We were in search of lunch, but nothing could entice me to explore the possibility of lunch in a Trump Hotel … no matter what the food is like, or how enticing the menu might be, nothing could entice me to add to that man’s wealth or boost his profits, no matter how meagre my contribution might be.
Instead, we visited Comerford’s Bar in Doonbeg, which dates from 1848, according to signs in the pub, although it has its origins from earlier in the previous decade. This branch of the Comerford family of Doonbeg is said to have originated at Clare Cottage, once known as Comerford Lodge, a pre-famine thatched cottage in Spanish Point. In 1839, George Comerford, originally from Spanish Point, married Lucy Burns, whose family owned the pub in Doonbeg.
It was easier to indulge in a little but of family history with the Comerfords than to think about the end of history brought about by Trump. The irony is that despite continuing to deny climate change, that man wants the Irish taxpayers to fund shoring up the sand-dunes that have been damaged by climate change and to protect his golf links from coastal erosion.
6, Thurles, Co Tipperary:
I hopped a train in Limerick early one morning for a day-trip to Thurles, Co Tipperary, which had once been a stopover in my childhood days during journeys between Dublin and Cappoquin, Co Waterford.
In Thurles, I visited the Cathedral of the Assumption, which is JJ McCarthy’s only Romanesque-style cathedral, Saint Mary’s, the Church of Ireland parish church, Saint Patrick’s College, which Newman had visions of turning into the Oxford of Ireland but which is now part of Mary Immaculate College, Limerick, and searched for castle ruins.
7, Ennis, Co Clare:
Ennis, which has been voted the ‘Friendliest Town in Ireland,’ is another town I visited on one of these short, one-day journeys from Askeaton by bus and train. It was a rainy day, but I visited the Cathedral of Saint Peter and Saint Paul, Saint Columba’s Church, Drumcliffe, said to be the last church in the Church of Ireland built before disestablishment, and the ruins of the Franciscan Friary with its restored royal MacMahon tomb.
As teenagers in Ballinskelligs, two of the Irish dances they tried to teach us were the known as the Walls of Limerick and the Siege of Ennis. The Walls of Limerick have all but disappeared as a site in Limerick, but there was never an incident in history known as the Siege of Ennis, and so it is known – in jest – as the ‘Siege of Venice’ … or even, at times, as the ‘Sea of Guinness.’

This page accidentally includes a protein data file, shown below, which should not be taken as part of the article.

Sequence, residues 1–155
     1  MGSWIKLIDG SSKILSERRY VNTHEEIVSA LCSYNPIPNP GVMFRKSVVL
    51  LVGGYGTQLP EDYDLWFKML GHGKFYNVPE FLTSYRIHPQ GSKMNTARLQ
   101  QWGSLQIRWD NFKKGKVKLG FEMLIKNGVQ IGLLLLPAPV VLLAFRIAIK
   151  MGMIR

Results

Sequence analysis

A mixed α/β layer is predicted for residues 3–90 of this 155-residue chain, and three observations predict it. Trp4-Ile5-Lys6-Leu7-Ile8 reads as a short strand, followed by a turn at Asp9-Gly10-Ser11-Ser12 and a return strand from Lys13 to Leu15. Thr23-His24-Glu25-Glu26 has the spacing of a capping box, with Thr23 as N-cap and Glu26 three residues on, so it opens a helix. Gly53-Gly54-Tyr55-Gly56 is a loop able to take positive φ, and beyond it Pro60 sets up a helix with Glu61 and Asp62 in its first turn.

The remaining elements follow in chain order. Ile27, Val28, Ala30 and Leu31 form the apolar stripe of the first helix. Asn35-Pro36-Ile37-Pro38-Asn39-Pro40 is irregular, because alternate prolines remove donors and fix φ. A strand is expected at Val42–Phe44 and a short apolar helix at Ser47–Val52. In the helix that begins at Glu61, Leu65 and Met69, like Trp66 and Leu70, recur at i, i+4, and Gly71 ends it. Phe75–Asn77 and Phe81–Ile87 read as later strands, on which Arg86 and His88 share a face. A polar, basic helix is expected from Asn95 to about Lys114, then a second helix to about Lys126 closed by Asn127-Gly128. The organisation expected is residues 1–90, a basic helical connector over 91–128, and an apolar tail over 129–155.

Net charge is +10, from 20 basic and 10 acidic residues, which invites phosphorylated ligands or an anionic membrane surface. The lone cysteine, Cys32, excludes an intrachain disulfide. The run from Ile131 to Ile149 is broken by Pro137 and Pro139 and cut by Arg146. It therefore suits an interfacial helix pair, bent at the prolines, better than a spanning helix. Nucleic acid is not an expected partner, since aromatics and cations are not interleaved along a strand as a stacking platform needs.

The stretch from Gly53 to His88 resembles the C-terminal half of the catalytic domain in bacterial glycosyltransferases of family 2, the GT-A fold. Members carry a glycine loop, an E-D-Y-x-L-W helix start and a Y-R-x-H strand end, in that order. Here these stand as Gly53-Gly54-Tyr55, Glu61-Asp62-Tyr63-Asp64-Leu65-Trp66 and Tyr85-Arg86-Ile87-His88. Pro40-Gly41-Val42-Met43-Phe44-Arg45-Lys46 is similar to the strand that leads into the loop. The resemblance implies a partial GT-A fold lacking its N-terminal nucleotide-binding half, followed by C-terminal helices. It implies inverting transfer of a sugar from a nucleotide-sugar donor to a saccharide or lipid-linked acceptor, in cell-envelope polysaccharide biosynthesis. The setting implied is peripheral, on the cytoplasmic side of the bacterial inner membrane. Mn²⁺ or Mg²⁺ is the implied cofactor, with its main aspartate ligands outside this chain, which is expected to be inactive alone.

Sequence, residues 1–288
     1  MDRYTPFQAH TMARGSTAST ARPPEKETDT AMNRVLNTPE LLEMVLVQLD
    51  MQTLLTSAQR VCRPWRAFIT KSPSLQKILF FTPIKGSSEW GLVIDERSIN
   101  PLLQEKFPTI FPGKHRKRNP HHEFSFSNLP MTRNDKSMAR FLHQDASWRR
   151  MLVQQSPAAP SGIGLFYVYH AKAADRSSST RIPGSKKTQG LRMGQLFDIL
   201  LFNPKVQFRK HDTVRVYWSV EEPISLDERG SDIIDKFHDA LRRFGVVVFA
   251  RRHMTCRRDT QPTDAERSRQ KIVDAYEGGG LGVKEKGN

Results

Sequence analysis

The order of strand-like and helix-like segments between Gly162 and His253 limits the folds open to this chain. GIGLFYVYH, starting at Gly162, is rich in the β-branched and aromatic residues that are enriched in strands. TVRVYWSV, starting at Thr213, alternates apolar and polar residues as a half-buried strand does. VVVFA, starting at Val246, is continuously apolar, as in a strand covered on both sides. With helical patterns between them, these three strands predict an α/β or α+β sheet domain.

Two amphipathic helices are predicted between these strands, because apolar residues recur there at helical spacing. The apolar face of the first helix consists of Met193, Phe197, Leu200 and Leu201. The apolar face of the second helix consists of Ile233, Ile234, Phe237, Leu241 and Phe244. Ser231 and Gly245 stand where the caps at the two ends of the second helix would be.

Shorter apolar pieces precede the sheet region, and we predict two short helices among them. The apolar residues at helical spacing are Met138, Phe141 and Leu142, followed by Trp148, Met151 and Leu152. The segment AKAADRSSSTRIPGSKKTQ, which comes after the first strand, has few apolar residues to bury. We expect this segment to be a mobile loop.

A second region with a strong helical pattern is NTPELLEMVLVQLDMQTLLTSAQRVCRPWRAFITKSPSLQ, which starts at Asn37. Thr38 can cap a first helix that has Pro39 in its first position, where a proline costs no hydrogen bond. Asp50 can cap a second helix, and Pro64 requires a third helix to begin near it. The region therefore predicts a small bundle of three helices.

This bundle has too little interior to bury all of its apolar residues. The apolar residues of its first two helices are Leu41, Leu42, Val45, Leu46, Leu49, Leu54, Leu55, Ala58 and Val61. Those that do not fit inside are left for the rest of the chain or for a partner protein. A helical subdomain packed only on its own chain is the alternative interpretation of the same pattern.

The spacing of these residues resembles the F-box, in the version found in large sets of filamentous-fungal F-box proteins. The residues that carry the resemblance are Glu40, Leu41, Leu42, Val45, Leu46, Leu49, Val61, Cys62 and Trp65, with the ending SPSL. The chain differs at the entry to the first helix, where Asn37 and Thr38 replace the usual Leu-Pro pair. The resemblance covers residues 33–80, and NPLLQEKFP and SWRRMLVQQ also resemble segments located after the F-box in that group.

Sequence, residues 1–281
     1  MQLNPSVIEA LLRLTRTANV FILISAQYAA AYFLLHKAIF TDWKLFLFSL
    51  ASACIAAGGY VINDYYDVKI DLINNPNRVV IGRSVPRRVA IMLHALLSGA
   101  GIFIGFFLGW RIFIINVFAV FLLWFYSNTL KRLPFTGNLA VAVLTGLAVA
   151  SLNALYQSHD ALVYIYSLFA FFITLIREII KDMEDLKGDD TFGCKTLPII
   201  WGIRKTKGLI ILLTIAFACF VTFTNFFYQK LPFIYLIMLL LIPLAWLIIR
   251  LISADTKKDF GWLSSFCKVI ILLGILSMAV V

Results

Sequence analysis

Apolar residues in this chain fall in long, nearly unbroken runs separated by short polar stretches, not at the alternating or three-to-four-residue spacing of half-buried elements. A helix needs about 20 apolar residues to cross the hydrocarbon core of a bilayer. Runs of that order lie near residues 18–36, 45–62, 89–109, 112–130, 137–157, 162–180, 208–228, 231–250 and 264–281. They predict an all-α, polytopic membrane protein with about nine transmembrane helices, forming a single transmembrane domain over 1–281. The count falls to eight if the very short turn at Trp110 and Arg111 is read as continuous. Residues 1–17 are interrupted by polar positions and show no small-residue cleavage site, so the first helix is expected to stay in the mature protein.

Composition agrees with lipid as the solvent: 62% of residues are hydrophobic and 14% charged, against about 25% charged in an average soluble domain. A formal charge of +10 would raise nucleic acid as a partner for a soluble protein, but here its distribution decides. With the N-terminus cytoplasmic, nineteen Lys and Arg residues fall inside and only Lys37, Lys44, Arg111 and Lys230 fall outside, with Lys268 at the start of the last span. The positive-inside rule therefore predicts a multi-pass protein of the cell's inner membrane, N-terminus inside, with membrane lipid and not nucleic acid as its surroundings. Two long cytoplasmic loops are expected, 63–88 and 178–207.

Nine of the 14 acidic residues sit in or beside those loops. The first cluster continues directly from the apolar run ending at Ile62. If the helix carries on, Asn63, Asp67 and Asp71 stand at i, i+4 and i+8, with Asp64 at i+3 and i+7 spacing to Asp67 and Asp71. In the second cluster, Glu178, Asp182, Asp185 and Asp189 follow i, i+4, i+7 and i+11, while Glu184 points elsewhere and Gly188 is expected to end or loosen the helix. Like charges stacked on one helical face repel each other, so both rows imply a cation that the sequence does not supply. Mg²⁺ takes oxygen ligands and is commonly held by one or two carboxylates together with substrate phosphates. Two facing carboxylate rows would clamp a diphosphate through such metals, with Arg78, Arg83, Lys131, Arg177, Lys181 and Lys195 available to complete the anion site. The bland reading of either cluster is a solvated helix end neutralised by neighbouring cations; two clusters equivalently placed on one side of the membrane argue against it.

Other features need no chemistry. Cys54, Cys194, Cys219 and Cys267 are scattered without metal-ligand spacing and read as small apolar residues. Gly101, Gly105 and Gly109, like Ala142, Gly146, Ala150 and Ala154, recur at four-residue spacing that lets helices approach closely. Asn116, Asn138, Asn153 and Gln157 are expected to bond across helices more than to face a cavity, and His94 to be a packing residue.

8, Waterford City:
One of my longer journeys from Limerick was by train to Waterford City. This took a little more planning, as I have learned to dread the prospect of either missing a train connection at Limerick Junction, or being stuck in the wilderness at Limerick Junction for too long, without any chance to buy a coffee.
When I was a child in Cappoquin, Waterford was a big city, and the large towns we tended to find ourselves in included Thurles and Dungarvan. Waterford was an excursion, and it an exciting place to visit, with Reginald’s Tower and the Clock Tower as the two most noticeable landmarks on the Quays.
I had breakfast before visiting the two cathedrals, strolling through the narrow streets that September day, and noticing the passing of some familiar landmarks, including Doolan’s on Great George’s Street, once a picture postcard image of Waterford.
9, Roscrea, Co Tipperary:
Roscrea, Co Tipperary, is another town in this region that is accessible on a day-trip from Askeaton by public transport. In September I visited the town with its ancient monastic site, round tower, Romanesque doorway and high cross beside Saint Cronan’s, the Church of Ireland parish church, Roscrea Castle and Damer House, the ruins of the Franciscan Friary and Saint Cronan’s Roman Catholic parish church, the Methodist Church on the Mall, and Mount Saint Joseph Abbey, the Cistercian abbey and school on the edges of the town.
10, Adare, Co Limerick:
Although I am now living in Askeaton, I have stayed overnight in two other places in Co Limerick this year: the Dunraven Arms Hotel in Adare, which was the venue for this year’s clergy conference for the Diocese of Limerick, Killaloe and Ardfert and the Diocese of Tuam, Killala and Achonry; Glenstal Abbey, where I stayed for a 24-hour retreat in July.
I also spent time in Limerick city itself and time exploring neighbouring towns and villages in the country, including finding the ruined church in Ballycahane – although Ballycahane is in the Adare group of parishes, as Precentor of Limerick I am also (nominally) the Prebendary of Ballycahane.
My choice of ten places in Ireland has been random. I could have chosen ten beach walks, ten river-side walks, or ten boat trips: on the Lakes of Killarney; from Tarbert to Killimer; along the River Deel from Askeaton to the mouth of the River Shannon; from Tarifa to Tangier through the Pillars of Hercules; along the Grand Canal in Venice; from Venice to Torcello; from Venice to Murano and Burano …
But, whatever my choices might have been, it has been a good year this year.
Tomorrow: Ten cathedrals.